Joan Hartmann’s re-election campaign is heading into the home stretch.
The Santa Barbara County 3rd District supervisor is hoping to win her second term when voters go to the polls Tuesday, March 3.
“I used to be a marathon runner,” Hartmann said Saturday as she rallied her troops. “This election is a marathon. We’re at the 20-mile mark and today we’re beginning our final push.”
Having served as the 3rd District representative on the County Planning Commission, Hartmann was first elected to the board in 2016 after Doreen Farr announced her retirement.
With four candidates in the running this time, Hartmann could win re-election during the primary if she receives 50 percent of the vote plus one.
If she doesn’t, the top two vote-getters will square off in November.
On Saturday, Hartmann and 18 supporters met at the Santa Maria Democratic Headquarters before heading off to Tanglewood.
“We walk, knock and talk with purpose,” said Hartmann. “Today we’re taking our grass-roots efforts to Tanglewood. We’re going door-to-door to get our message out.”
“I grew up in Tanglewood and my father still lives there,” said Ken Dahmen, a Santa Maria High School graduate and a program manager for a local nonprofit organization. “I already did some canvassing this morning.
“Until Joan was elected, I think the North County, including Tanglewood, was underrepresented. She’s been doing a great job. We’d like to keep her in her supervisor’s position so she can do more.”
“I’m so excited to be here supporting the great Joan Hartmann re-election campaign,” said Gloria Soto, who represents the city’s 3rd District on Santa Maria’s City Council. “Joan has a great track record. She’s a strong advocate for families.
“On a personal note, she made sure that home health care workers got a pay raise and insurance, and my mom is a home health care worker,” she added. “It’s important for us to let people know how her work directly impacts families.”
The 3rd Supervisorial District is the county’s largest geographically; stretching from Isla Vista and the UCSB community in the south to the Santa Ynez Valley and then west to Mission Hills and Vandenberg Village, the western part of Lompoc and up to Guadalupe and Tanglewood.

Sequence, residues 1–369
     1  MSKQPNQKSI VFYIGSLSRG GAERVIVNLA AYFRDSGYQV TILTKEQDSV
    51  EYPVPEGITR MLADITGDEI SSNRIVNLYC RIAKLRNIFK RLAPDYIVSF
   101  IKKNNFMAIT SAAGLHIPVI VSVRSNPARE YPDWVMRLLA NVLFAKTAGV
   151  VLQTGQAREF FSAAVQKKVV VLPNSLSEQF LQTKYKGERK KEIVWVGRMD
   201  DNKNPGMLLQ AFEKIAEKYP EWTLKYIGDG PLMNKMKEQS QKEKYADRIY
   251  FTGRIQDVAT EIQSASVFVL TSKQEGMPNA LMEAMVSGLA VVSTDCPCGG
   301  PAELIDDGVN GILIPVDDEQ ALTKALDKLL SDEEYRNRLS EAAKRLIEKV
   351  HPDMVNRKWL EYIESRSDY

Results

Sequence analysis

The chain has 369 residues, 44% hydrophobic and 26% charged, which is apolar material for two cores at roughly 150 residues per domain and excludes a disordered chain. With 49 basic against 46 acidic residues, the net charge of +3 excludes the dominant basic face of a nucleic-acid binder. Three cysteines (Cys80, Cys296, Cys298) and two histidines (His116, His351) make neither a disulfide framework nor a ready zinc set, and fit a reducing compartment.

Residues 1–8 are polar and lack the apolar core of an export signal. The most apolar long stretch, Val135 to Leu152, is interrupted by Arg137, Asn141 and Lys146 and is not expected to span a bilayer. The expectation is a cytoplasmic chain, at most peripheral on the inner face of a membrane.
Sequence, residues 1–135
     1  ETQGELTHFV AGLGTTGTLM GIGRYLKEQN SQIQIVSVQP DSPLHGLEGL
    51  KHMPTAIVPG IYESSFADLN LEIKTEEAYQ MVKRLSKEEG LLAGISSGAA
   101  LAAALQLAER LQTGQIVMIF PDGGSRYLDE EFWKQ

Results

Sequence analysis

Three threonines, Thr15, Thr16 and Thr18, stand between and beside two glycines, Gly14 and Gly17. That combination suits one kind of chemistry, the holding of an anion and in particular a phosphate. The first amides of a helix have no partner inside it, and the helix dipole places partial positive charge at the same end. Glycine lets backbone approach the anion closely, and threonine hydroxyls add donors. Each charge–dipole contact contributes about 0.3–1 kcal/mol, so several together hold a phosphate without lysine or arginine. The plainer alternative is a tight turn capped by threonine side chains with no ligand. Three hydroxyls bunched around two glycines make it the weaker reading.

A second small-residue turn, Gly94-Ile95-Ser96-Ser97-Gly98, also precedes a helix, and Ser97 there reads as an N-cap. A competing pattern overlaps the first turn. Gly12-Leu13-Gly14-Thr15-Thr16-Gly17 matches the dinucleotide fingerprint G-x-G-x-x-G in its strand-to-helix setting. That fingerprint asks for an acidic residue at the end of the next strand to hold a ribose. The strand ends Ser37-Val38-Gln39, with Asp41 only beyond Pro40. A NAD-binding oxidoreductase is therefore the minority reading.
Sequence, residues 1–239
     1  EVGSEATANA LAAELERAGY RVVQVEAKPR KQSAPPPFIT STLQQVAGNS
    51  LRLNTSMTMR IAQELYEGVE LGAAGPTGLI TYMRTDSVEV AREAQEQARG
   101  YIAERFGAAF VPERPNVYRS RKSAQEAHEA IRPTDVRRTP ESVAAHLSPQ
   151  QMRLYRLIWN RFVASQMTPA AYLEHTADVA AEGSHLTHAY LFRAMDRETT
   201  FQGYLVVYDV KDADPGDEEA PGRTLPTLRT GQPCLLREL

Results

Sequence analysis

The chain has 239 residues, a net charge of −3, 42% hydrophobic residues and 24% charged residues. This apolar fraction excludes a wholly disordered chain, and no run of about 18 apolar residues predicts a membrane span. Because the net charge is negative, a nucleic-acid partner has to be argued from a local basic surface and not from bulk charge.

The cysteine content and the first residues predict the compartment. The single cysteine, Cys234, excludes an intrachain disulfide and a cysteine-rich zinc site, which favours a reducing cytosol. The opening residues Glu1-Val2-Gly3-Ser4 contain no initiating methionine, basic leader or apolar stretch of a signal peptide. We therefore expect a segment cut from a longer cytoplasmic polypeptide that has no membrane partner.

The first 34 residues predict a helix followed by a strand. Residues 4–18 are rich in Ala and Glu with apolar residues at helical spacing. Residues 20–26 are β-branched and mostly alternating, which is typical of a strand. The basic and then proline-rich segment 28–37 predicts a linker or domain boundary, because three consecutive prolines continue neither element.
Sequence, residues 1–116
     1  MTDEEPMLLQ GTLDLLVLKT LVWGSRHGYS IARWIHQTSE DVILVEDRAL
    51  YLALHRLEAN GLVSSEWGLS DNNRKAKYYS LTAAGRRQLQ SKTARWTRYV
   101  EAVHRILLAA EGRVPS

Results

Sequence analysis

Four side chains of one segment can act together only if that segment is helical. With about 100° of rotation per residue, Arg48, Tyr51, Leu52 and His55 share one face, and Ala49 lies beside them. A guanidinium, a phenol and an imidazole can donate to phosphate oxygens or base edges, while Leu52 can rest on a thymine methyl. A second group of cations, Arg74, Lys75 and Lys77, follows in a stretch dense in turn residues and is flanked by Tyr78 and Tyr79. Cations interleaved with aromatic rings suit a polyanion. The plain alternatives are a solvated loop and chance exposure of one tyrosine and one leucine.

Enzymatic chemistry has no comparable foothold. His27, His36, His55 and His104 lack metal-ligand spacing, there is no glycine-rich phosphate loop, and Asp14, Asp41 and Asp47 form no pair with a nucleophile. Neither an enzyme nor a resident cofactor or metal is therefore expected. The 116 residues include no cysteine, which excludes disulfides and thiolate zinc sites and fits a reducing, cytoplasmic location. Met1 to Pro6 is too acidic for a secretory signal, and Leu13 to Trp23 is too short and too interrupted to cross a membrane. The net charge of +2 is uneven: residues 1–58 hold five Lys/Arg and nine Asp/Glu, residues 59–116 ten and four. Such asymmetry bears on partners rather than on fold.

It is also considered the most socioeconomically diverse.
Hartmann has a long career in public service.
After earning a doctorate and later a law degree, she taught environmental policy and law before going to work for a number of government agencies — Department of the Interior, Environmental Protection Agency, the California Coastal Conservancy.
She continues that work as a supervisor.
“I’ve tackled moving to renewable energy, the Gaviota Coast Plan, supported local park improvements, promoted a County Park Pass fee reduction for our veterans, supported the local libraries, worked to increase open space, and every day I address constituent concerns,” said Hartmann.
“People don’t realize that although we only meet [as a board] on Tuesdays, being a supervisor is more than a full-time job,” she continued.
“We all serve on at least 10 committees and we have committee meetings, local office hours throughout the county and attend numerous community events.”
The office is nonpartisan, so candidates’ party affiliations are not listed on the ballot.
“Still, many of us are endorsed by parties, and the parties will work for us in our election campaigns,” Hartmann said. “I’m a proud Democrat. My [main] opponent, Bruce Porter, won’t say it, but he’s a Republican. He has all that Republican money, but we have the people.”
Three years into her first term, Hartmann also has an official record upon which to run.
“Our county is doing well,” Hartmann said. “Our budget is in the best shape since before the crash of 2008, and we’re working on all kinds of creative initiatives; renewable energy, a recreation master plan including expanding parks and trails to underserved parts of the county, making our county government more responsive to the people; we’re targeting improving economic vitality, addressing the homeless problem. We’re rolling up our sleeves and getting the important work done.
“A lot of people don’t realize when opportunity is knocking on their doors,” she said. “Today we’re letting people know that opportunity is knocking.”